Pulmonary rehabilitation in emphysema patients has resulted in reduced hospitalization, improved well-being and exercise tolerance, and reduced shortness of breath. Such programs usually require physician referral, a cardiopulmonary stress test, and evaluation by an RRT (registered respiratory therapist). Substantial benefits are reported for those suffering from emphysema, asthma, bronchiectasis, chronic bronchitis, and sarcoidosis. It is also recommended for those planning to undergo lung reduction therapy as well as for those who have just completed that surgery. There are residential programs lasting about 8 weeks and including smoking cessation, education on breathing exercises, nutrition, energy conservation, stress reduction, and the management of medication. Exercise includes such activities as walking on a treadmill, walking, stationary bicycling, stretching, and working out with light weights. Exercise programs are always tailored to individual needs. Regular exercise has been proven to improve the condition of the cardiopulmonary system.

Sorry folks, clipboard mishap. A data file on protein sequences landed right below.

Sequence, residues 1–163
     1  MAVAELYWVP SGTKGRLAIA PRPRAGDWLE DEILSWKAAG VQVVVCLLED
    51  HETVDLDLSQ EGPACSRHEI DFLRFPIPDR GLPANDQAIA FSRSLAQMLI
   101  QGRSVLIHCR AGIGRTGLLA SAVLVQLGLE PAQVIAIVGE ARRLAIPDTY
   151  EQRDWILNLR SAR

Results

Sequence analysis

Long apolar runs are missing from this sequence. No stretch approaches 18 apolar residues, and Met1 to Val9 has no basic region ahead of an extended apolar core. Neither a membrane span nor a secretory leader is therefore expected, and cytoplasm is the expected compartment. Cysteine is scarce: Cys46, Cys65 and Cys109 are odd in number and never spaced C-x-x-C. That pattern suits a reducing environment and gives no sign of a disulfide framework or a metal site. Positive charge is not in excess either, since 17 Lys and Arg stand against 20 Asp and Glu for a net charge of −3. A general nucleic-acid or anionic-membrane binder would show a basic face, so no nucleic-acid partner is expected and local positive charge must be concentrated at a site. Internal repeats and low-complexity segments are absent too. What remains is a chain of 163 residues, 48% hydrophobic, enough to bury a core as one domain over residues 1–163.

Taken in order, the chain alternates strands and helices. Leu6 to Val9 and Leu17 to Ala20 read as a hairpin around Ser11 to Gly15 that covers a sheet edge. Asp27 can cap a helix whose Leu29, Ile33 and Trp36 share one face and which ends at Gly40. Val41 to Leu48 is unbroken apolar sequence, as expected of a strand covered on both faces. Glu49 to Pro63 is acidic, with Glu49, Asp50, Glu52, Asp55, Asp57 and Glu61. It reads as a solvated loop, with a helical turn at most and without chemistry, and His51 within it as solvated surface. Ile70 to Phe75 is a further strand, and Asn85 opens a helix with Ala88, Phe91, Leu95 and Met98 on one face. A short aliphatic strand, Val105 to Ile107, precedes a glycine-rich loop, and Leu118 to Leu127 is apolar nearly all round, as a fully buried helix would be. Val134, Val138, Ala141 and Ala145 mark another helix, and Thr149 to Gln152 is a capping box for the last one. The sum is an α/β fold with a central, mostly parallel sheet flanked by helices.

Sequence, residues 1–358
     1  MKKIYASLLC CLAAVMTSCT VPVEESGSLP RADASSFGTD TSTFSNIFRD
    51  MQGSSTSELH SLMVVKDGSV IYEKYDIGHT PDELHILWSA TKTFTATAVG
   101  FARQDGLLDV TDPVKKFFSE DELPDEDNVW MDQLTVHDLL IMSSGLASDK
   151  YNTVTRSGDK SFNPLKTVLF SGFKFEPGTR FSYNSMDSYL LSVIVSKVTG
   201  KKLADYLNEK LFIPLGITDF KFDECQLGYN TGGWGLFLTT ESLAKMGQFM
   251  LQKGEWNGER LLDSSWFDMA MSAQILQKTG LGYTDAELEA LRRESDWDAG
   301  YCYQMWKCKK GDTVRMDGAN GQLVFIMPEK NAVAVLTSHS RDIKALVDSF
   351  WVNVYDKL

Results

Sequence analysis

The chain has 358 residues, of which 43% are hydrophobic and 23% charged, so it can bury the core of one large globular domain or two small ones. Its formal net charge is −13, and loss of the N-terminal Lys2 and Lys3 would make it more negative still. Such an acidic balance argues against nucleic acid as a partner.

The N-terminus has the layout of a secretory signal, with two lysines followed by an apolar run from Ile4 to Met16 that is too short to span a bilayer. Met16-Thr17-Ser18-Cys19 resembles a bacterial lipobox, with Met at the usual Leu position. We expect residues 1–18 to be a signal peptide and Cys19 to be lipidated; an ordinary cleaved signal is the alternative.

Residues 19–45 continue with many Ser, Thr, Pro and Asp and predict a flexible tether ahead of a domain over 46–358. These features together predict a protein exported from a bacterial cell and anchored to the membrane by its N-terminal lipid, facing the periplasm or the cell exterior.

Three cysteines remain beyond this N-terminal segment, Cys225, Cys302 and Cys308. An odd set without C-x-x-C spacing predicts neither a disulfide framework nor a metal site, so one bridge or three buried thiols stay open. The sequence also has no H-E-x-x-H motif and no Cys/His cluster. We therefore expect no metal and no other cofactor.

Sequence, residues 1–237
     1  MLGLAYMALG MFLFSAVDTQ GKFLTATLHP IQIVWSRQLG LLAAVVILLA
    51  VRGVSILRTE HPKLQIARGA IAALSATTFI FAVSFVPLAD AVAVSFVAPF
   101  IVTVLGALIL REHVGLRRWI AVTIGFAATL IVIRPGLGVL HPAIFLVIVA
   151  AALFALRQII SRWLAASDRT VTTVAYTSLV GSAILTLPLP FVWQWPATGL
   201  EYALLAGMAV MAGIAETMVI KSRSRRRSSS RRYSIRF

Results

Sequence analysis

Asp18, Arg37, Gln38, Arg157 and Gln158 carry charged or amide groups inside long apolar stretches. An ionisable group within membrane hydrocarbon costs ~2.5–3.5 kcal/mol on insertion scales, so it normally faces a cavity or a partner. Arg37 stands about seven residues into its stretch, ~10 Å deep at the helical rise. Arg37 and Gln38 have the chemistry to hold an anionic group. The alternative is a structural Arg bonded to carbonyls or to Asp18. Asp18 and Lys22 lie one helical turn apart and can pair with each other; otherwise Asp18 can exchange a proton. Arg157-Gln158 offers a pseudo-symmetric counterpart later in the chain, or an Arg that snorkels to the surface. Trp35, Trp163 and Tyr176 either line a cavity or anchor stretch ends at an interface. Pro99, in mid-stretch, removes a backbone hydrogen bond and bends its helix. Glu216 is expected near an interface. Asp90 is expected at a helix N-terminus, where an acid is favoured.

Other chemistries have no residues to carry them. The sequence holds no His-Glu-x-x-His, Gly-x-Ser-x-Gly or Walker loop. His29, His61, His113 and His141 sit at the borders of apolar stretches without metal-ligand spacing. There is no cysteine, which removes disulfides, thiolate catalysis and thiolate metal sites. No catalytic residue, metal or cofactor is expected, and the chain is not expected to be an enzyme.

Regenerating Alveoli

Scientists funded by the National Heart, Lung, and Blood Institute have demonstrated a remarkable regeneration of alveoli, which returned to their normal size and number. In research using rats at the Georgetown University School of Medicine, treatment with retinoic acid, a metabolite of vitamin A, scientists demonstrated for the first time a non-surgical reversal of damage caused by emphysema. Not only were the number of alveoli increased in normal rats, but alveoli in rats with emphysema were repaired, and lung elasticity recoil was significantly improved. Though these studies have so far been conducted only in animals, results are very promising, leading a number of physicians to put their emphysema patients on retinoic acid therapy.